While there is now general agreement that the entire book of Isaiah that we now have is the work of at least two and probably at minimum three authors, chapters 1-12 are believed to have been written in the 8th century BCE by the prophet himself and that is where today’s reading originates. The king of Judah has abandoned trust in Yahweh, and therefore led the people to apostasy and rebellion against the true ruler—Yahweh. We know that there were dire consequences for the people of Judah, as we have discussed repeatedly, and our reading today is a call to return to trusting Yahweh alone as the source of salvation, not just for Judah, but universally-- for all peoples. In Isaiah 1: 8 and 11-14, it is pointed out that Jerusalem lies desolate and that the festivals kept as mere habit are pointless. Our selection from chapter 2 envisions when Jerusalem shall again be worthy of become the center of worship for God: through purification and turning away from evil and injustice (1:16-17).

Remember that chapter one began with Isaiah relating a vision. Notice the interesting way that our reading begins: it says that Isaiah “saw” the word concerning Judah and Jerusalem. Here is a prophetic sight related with beautiful detail. “The mountain of the Lord’s house” (v. 2) is Jerusalem. Most ancient religions placed the home of their god or gods on a high place—thus God’s home is literally exalted, and all eyes are drawn to where God is. This mountain is lifted up so high that the eyes—and as verse 3 reminds us, the feet and attention-- of all nations will be drawn to it. Jerusalem will be the center of instruction about God and from God for all. Verse 4 then makes clear that the way of God is the way that leads to peace—and in the context in which Isaiah was writing, the ability to destroy all the implements of war because they would no longer be necessary would indeed be a glimpse of paradise. Jerusalem will be the place where “thy kingdom come, on earth as it is in heaven.” These latter times will be a version of the Pax Romana,” that brief moment when Roman rule supposedly meant peace and security. Here is the hope that Isaiah always holds out after terrifying visions of destruction and judgment, to give the people the understanding that, while their actions have consequences, there is always the plea to allow themselves to be redeemed. And as important as asking forgiveness is, it is just as important and sometimes more difficult to accept that one IS actually forgiven.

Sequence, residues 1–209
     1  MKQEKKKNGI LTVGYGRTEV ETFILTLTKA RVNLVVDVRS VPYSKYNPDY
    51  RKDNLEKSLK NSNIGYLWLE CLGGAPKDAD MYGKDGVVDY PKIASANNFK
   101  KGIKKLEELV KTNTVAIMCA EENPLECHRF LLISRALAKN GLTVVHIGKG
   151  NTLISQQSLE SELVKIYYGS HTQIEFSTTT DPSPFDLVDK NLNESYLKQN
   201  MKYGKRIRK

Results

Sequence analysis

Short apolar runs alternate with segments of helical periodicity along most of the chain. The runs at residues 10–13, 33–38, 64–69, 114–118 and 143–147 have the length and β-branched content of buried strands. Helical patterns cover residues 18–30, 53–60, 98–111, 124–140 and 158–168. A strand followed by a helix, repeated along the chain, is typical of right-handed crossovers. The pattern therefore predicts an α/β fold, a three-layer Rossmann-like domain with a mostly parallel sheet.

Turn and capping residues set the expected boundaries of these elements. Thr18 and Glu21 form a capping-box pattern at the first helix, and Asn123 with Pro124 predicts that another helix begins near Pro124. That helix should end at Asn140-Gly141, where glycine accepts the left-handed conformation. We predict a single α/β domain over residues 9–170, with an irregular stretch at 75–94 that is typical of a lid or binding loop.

It is the way of humans to be in contention—and even among those who profess faith in God. Look at the cultural wars going on throughout history, and certainly within our own time. Even as Christianity seems to be fading away as a cultural force, there is great disparity within the Christian community as to what God calls us to do and behave. But really, to argue about how to worship God is not the way of God—yet even Jesus had to take on the Pharisees and the Sadducees. As Paul reminds us in 1 Corinthians, “Now we see through a mirror—dimly; but then we shall see shall see face to face.” Our reading here longs for the day when Jerusalem will be the center of worship for all the world.